Lifestyle Activity to Improve Fitness Among National Guard

Bibliography

Name: Laura Talbot

Rank: Col, USAFR

Organization: Johns Hopkins University

Performance Site: Maryland National Guard Units, Washington DC National Guard units

Year Published: 2002

Abstract Status: Final

Abstract

The overall goal of this study randomized controlled study is to positively influence the readiness posture of Army National Guard personnel by increasing physical activity and physical fitness and reducing coronary heart disease (CHD) risk factors through the integration of moderate to high intensity physical activity into their current military and civilian lifestyle. Specifically, the focus of this Army National Guard-Active For Life Program is to increase the probability of long-term adherence by designing the program to fit the lifestyle of national guard personnel. This program will be compared to the traditional Army Physical Fitness Program. The proposed study will be driven by two specific aims.The primary aim of this study is to test the effectiveness of the Army National Guard- Active For Life Program to increase moderate to high intensity physical activity and improve cardiorespiratory fitness in Army National Guard personnel compared with the traditional Army Physical Fitness Program. We hypothesize that compared to the traditional Army Physical Fitness Program, those individuals participating in the 12-week Active for Life Program and its subsequent 12-week maintenance program will demonstrate greater improvements at week 12 and a sustainment of those improvements at week 24 in moderate to high intensity physical activity, the 2-mile run of the Army Physical Fitness Test (APFT), and the total score on the APFT test. The secondary aim of this study is to compare changes in CHD risk factors from baseline to 12- and 24- weeks and differences in changes between the Active For Life Program and the traditional Army Physical Fitness Program.The Active For Life Program uses a 3-phase approach: phase one utilizes a pedometer as a motivator to accumulate 10,000 steps a day through military and civilian lifestyle activities; phase 2 uses an accelerometer to increase the intensity of the activities; and phase 3 focuses on sustaining activity gains, i.e. adopting a physically active lifestyle. A behavioral-based intervention will be delivered by telephone, mailings and monthly meetings. The control group will follow the traditional Army Physical Fitness Program. Findings of this research provide the scientific basis for a time efficient program that improves physical fitness with potential for broad application in the Army National Guard and other services.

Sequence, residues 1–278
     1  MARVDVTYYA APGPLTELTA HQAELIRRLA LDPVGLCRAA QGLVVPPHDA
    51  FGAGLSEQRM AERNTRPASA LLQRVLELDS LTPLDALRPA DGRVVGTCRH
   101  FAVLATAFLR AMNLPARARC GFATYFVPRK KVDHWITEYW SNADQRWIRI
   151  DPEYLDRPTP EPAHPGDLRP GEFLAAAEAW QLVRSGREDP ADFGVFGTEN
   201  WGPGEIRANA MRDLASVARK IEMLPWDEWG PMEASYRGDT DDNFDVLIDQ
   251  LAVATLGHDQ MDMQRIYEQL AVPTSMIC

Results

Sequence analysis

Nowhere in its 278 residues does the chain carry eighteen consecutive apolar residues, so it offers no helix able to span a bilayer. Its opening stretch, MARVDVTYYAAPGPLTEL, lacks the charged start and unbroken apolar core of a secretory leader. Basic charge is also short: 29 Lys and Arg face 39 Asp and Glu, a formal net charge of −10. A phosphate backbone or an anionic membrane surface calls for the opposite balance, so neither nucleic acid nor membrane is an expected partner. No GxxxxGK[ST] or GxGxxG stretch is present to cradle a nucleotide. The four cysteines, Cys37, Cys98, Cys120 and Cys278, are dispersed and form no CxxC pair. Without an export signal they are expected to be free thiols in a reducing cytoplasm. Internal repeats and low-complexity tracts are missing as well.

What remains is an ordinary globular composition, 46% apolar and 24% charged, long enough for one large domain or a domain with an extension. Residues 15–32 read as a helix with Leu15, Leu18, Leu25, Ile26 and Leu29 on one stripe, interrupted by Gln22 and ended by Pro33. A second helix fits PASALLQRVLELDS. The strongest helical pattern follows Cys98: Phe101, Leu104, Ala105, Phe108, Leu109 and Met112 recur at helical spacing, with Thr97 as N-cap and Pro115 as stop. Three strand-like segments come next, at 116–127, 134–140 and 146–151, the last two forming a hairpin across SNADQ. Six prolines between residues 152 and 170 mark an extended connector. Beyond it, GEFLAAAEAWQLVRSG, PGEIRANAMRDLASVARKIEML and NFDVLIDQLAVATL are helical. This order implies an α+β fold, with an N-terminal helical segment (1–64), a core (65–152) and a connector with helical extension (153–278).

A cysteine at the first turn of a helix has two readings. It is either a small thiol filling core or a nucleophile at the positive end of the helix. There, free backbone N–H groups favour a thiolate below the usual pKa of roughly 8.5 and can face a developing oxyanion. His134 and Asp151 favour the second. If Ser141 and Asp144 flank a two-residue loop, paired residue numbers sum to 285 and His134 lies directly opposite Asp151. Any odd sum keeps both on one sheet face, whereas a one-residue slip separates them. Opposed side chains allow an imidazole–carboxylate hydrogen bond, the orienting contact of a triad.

Final report is available on NTRL: https://ntrl.ntis.gov/NTRL/dashboard/searchResults/titleDetail/PB2011100...